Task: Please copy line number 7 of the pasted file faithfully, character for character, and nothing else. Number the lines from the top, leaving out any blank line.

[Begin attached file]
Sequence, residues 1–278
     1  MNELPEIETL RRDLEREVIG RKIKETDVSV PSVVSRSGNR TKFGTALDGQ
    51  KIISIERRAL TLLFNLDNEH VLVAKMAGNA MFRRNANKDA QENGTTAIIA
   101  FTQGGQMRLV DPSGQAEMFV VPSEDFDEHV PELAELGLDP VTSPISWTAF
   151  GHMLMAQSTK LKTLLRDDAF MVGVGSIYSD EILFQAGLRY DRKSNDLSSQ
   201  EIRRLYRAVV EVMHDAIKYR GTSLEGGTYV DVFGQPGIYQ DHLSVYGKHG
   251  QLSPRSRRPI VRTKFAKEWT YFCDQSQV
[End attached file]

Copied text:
   251  QLSPRSRRPI VRTKFAKEWT YFCDQSQV